Israel seized more land than had been awarded by the UN Jerusalem was divided between Israel and Jordan Israel held 78% of Palestine Nearly 1million Arabs fled to Egypt, Jordan, Syria, and Lebanon where they lived in refugee camps Dec. 1948, UN passes a resolution that allows refugees wishing to return to their homes and live in peace should be permitted to do so. Compensation should be paid for the property of those choosing not to return Israel ignored

27 Consequences of the First Arab-Israeli
United Nations Refugee and Works Administration for Palestinians was est. It looked after 30,000 Arab refugees who had fled Israel and couldn’t return to their homes because they had been seized Palestinian refugees who had fled to areas under Arab control It provided Relief Health care Social services Education

28 Consequences of the First Arab-Israeli War
No Arab state recognized the legitimacy of the State of Israel The British, Americans, and the French guaranteed the new borders of Israel and promised to sell limited arms in the region

29 Israel During the late 1940’s and 1950’s
Passed laws designed to make it impossible for dispossess Palestinians to ever take back their homes and land Deliberately and systematically bulldozed many Arab villages Invited Jewish settlers from all over the world Law of Return (1950): Jews everywhere had the right to live in Israel Along the border areas, some 5,000 Palestinians were killed by Israelis between

30 Israel During the late 1940’s and 1950’s
Most Arabs lived in the border areas of Israel. These areas were ruled by martial law until 1966 Most of the land was placed under the ownership of the Jewish National Fund which prohibits it sale or lease to non-Jews forever Government spending was spent on Jewish settlements, keeping Arab villages in a state of underdevelopment Between some 567,000 Jews were expelled from Arab states in reprisal for the expulsion of the Palestinians. Most settled in Israel

31 Suez Crisis Egypt was under British control
Britain considered the use of the Suez Canal vital Suez Canal Company was owned by mainly British and French During WW II Britain took control of Egypt and made it into a British base Egyptians began to resent British control and were humiliated Most Egyptians were poor landless peasants Land was owned by a tiny number of rich King Farouk was uninterested in the plight of his countrymen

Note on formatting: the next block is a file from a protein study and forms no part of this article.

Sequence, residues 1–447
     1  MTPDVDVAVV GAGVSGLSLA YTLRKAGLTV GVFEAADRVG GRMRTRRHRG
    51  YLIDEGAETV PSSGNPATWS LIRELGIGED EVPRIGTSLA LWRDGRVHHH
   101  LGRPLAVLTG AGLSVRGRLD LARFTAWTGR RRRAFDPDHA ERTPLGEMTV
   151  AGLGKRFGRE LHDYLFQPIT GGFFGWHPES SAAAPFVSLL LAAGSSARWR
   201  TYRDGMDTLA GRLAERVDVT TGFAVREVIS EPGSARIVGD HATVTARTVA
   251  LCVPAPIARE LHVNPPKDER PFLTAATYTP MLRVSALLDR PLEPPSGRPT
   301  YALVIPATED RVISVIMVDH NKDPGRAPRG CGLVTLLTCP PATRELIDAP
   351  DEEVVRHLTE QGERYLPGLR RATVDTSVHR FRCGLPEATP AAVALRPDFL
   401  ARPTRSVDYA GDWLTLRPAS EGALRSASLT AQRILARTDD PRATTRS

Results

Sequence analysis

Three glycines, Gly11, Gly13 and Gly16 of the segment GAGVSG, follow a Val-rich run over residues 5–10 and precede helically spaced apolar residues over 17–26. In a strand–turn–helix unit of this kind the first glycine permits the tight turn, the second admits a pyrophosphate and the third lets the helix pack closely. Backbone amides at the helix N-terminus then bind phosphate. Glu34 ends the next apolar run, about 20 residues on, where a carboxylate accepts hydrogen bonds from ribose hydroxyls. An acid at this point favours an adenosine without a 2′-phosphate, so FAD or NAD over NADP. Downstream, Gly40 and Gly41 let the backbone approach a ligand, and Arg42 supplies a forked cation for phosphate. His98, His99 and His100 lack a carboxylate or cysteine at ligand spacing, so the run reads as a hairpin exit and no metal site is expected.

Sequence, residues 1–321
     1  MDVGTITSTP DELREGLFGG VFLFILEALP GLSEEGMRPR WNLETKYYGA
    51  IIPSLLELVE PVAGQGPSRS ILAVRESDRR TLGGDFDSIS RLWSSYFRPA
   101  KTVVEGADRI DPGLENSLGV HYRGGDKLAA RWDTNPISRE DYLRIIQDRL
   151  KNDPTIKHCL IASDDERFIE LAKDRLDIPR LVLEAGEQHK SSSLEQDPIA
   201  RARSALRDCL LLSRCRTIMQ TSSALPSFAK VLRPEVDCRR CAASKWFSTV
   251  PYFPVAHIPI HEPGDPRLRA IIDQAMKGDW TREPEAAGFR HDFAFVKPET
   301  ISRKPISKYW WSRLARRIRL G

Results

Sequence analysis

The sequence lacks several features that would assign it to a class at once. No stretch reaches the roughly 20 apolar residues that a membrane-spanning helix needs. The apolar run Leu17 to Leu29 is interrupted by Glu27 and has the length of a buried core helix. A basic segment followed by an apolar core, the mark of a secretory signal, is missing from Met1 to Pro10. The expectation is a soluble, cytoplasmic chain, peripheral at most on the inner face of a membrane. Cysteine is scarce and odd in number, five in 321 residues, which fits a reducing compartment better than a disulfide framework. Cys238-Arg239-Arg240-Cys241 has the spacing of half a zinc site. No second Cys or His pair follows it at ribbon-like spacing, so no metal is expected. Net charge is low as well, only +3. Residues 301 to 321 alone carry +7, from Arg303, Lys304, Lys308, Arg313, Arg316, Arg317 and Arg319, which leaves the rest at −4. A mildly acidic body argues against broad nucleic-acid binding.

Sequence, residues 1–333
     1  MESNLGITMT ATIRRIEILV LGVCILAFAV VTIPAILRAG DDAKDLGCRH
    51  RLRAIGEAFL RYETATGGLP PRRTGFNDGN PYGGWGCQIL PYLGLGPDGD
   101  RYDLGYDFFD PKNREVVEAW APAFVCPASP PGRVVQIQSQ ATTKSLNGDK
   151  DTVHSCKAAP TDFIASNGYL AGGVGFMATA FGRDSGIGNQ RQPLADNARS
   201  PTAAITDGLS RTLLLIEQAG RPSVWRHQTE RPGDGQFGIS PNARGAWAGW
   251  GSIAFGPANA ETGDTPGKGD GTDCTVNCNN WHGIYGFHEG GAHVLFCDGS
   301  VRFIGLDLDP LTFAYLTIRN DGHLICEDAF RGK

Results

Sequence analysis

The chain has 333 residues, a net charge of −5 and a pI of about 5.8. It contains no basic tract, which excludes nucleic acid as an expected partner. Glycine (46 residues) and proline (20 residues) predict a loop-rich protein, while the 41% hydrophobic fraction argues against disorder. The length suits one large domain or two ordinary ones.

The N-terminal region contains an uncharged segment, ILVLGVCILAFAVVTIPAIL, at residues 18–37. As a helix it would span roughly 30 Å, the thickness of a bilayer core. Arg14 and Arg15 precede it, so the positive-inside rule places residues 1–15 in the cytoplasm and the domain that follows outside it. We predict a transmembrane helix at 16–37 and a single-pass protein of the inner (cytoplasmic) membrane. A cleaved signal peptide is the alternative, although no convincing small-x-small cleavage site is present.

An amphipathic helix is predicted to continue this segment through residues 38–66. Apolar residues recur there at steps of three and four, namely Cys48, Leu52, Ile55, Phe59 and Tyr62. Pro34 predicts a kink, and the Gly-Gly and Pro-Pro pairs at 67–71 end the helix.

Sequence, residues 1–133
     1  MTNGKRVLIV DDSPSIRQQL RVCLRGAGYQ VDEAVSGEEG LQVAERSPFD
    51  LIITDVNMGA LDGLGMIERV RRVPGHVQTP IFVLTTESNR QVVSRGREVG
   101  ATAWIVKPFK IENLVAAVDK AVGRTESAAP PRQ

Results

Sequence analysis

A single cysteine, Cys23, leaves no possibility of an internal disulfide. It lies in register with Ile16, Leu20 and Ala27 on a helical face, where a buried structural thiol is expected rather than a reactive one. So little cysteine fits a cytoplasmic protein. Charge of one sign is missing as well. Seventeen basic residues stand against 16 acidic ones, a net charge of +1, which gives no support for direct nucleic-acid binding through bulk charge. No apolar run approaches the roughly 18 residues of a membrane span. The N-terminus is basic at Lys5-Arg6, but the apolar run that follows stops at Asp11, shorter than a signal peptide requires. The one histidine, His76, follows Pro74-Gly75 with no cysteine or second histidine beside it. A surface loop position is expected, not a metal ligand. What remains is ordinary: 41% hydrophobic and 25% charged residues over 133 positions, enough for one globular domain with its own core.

32 Suez Crisis USA wanted to establish Middle East Defense Organization (MEDO) to resist communism Egypt rejects MEDO and rejected British control. Initiated Guerilla attacks in on the Canal Zone 1952 Gamal Abdul Nasser led a coup to over throw King Farouk Nasser was part of a group that established the Society of Free Soldiers in 194 Fight political corruption, depose the King, end British domination Modernize Egypt, raise standard of living, Arab Unity

33 Suez Crisis In 1953, the monarchy was abolished and a one party republic was established Communists were suppressed as was the Muslim Brotherhood Nasser will become prime minister after a power struggle Nasser wants To end British colonial rule End the existence of the state of Israel To follow a policy of non-alignment Arab Unity

34 Suez Crisis 1956, Nasser announces a socialist Arab state
One party, Islam was the official religion U.S. and Great Britain agreed to finance the first part of the Aswan High Dam Hoped to form ties to keep Communism out of Egypt Nasser encouraged guerrilla bands of fedayeen to attack Israel Wanted to recover their homes from Jewish settlers Israel will retaliate by attacking groups of refugees in Egypt

35 Suez Crisis Nasser wanted to eradicate colonialism and create Arab Unity Nasser opposed CENTO (only Pakistan and Iran joined) Nasser decided to arm Egypt because Israel and France were working around arms agreements Egypt concludes arms deal with Czechoslovakia and officially recognized the People’s Republic of China U.S. pulls funds for Aswan High Dam Nasser nationalizes the Suez Canal to finance the building of the dam

36 Suez Crisis British believed that Egypt was trying to build a unified Arab kingdom under the influence of communism This would threaten their oil supply British, French, and Israelis discussed an attack on Egypt October 29th 1956, Israel attacked Egypt Captured the Sinai Peninsula within a week.

37 Suez Crisis British and French issued an “ultimatum” for both sides to withdraw Egypt refused the ultimatum Britain and France then bombed Egyptian airfields and landed troops at the north end of the canal Attack caused world outcry America was afraid it would push Arab states to communism, refused to support Br, Fr, and Is U.S. joined U.S.S.R demanding withdrawal Soviets were dealing with the Hungarian Revolt but threatened to use ICBM’s on Britain and France

38 Suez Crisis Consequences
Nasser remained in power, his prestige increased among the Arab nations Disruption of international trade Reduced oil exports to the west Br. And Fr. Influence in Middle East reduced Eisenhower Doctrine (U.S. will use force to contain communism in Mid East) UN forces reopened the canal for shipping